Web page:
This isn’t the first Ubiquiti switch I had a look at, since the Layer 3 EdgeSwitch ES-24-250W is also part of the list, but, this time, I’ll have a look at a more ‘tamed’ switch, from the web smart managed family called the Ubiquiti TOUGHSwitch TS-8-PRO. As the name suggest, this is a PoE (passive) switch that is equipped with 8 ports, but the TOUGHSwitch also comes as an 5-port variant (TS-5-POE), which also has support for PoE.
As usual, Ubiquiti dislikes the plain, boring design of the average switch (just a rectangular piece of hardware with ports), so it always tries to break the monotony with some minor, but eye-catching details. This time, with the TOUGHSwitch TS-8-PRO, instead of the usual rectangular box, it has some chamfered edges on the left and right side of the device. Besides that, the case is black (matte, so it doesn’t retain fingerprints) and the materials used are an unexpected combination of rubber and metal, making the switch looking surprisingly rugged.
Furthermore, the TS-8-PRO is made to easily fit on a shelf or simply, on the desk, measuring 8.2 x 7.2 x 1.6 inches and weighing 2.7 lbs, so, even though it looks smaller than the usual PoE switches, this device won’t budge no matter how many cables you connect to its ports. As expected, you won’t be able to mount the TS-8-PRO on a rack (because of its small dimensions), but, unlike the 5-port TS-5-POE, it does not have any holes for mounting the switch on the wall (there are some trays available on the market that allow you to mount the device on the wall if you’re tight on space). On the bottom of the switch you can still find the usual label with info about the device (such as the MAC address).
The back panel of the TOUGHSwitch Pro is mostly occupied by a large area with ventilation holes (some additional ventilation holes can also be found on the lateral sides and on the top of the device) and a Power connector. It’s good to see that Ubiquiti made all the proper steps into ensuring a good airflow (there is no fan installed inside the case, it relies solely on passive cooling, so you won’t be bothered by any loud fan noises – the switch remains completely silent).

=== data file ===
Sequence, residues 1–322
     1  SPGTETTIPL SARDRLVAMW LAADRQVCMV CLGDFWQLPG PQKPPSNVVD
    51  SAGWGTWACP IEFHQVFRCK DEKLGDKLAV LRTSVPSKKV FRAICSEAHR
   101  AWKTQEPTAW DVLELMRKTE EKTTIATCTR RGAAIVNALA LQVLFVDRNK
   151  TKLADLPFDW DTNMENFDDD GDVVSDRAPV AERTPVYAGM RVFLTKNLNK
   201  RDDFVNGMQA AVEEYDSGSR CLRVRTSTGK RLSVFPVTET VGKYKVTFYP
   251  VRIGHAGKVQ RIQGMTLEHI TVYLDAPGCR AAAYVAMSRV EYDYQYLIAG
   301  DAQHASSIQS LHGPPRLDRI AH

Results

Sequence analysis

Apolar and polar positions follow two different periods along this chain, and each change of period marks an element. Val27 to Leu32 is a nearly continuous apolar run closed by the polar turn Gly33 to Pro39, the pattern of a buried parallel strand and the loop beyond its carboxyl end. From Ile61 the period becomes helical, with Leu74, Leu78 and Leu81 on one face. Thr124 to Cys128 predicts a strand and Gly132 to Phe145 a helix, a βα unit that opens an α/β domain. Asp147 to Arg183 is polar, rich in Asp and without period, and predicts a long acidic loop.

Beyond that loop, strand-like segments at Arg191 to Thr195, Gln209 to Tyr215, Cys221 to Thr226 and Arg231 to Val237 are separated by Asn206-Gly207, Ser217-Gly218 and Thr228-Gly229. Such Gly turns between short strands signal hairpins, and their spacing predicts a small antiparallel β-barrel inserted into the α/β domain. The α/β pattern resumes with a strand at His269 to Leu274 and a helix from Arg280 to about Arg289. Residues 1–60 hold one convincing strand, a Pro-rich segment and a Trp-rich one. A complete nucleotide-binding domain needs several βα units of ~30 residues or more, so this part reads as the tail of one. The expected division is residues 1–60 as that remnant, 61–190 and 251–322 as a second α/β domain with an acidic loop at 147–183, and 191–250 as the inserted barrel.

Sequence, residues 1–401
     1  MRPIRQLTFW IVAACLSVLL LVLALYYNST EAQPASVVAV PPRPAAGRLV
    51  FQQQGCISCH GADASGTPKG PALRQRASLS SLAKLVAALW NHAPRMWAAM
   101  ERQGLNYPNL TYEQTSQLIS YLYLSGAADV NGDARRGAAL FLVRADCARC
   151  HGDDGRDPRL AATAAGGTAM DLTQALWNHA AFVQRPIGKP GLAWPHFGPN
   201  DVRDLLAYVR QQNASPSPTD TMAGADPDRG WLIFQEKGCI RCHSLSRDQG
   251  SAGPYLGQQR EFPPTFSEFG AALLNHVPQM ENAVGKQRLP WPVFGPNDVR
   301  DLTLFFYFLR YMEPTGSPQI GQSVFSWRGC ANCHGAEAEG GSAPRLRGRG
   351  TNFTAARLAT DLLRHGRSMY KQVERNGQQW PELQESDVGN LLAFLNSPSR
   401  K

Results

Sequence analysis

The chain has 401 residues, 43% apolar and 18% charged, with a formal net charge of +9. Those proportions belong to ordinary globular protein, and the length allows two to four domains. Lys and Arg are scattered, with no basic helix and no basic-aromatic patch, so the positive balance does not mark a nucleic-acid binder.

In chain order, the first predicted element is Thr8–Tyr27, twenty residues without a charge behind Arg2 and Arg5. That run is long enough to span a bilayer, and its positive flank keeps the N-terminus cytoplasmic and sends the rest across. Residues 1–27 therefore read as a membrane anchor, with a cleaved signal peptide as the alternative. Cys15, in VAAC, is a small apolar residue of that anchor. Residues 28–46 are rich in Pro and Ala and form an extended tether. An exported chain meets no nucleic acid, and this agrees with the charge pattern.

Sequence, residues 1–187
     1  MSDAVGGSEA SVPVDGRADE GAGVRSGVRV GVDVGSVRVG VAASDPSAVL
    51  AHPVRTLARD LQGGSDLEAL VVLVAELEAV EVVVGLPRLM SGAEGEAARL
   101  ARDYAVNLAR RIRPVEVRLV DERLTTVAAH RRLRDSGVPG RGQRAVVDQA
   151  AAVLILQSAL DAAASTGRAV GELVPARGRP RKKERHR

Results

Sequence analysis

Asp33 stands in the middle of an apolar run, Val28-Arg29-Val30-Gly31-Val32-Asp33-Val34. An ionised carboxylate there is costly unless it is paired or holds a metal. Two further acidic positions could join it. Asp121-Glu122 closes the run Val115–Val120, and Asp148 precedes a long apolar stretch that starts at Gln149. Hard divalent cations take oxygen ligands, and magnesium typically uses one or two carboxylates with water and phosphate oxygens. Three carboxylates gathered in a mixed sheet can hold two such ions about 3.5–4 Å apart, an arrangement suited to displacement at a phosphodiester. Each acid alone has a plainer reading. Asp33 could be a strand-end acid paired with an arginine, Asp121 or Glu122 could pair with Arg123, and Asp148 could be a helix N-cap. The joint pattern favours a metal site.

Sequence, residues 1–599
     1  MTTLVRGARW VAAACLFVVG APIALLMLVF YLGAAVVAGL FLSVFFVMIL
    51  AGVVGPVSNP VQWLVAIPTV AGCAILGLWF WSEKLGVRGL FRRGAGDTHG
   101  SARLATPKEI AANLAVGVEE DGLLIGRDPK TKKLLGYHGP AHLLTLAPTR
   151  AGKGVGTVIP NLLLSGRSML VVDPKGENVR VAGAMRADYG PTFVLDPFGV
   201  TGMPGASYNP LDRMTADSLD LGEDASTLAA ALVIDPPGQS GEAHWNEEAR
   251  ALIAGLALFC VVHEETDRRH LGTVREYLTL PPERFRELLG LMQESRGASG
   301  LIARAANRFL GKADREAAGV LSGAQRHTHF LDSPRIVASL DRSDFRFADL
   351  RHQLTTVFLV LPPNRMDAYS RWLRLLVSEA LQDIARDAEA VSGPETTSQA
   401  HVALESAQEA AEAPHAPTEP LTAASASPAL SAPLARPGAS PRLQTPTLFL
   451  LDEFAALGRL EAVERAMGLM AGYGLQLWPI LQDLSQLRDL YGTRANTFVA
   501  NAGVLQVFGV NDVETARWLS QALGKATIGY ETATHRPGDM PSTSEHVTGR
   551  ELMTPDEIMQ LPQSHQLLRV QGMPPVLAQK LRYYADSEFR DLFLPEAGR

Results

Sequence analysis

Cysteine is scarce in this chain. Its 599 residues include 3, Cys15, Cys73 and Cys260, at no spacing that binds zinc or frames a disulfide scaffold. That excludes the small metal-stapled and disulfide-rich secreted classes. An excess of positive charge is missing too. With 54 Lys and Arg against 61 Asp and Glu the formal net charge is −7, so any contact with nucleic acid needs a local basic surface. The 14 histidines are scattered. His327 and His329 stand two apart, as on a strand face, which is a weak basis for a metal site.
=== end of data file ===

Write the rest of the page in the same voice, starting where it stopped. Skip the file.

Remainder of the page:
The front panel is the place with the most activity: from the left, there’s a Management port (it’s a 10/100 Mbps port specifically created for the management of the switch, but, of course, you can use it as an additional Ethernet port, but be aware that it doesn’t do well under heavy load and it comes with the 10/100 Mbps and no-PoE limitations), a USB 2.0 port (it seems that this port can only be used to power up devices, as it provides 5V of power), eight 10/100/1000 Mbps Ethernet PoE ports (the maximum PoE wattage per data port is 11.5W for 24V and 23W for 48V) and a small Reset button (hold the button for more than 10 seconds to return the device to factory default settings). Furthermore, every port features two LED lights, one for PoE (green means 24V PoE, amber signifies 48V PoE) and the other for Speed/Link/Activity (amber means an established link at 10/100 Mbps, while green means an established link at 1000 Mbps; if either colours are flashing, it signifies activity). The Management port has only one LED light which will be amber when there is Power and when there’s a 10/100 Mbps established connection.
Inside the case, the TOUGHSwitch PoE Pro is equipped with a Broadcom BCM53128 chipset (Atheros AR7242 MIPS 24K CPU clocked at 400MHz), along with 8MB of flash storage and 64MB RAM.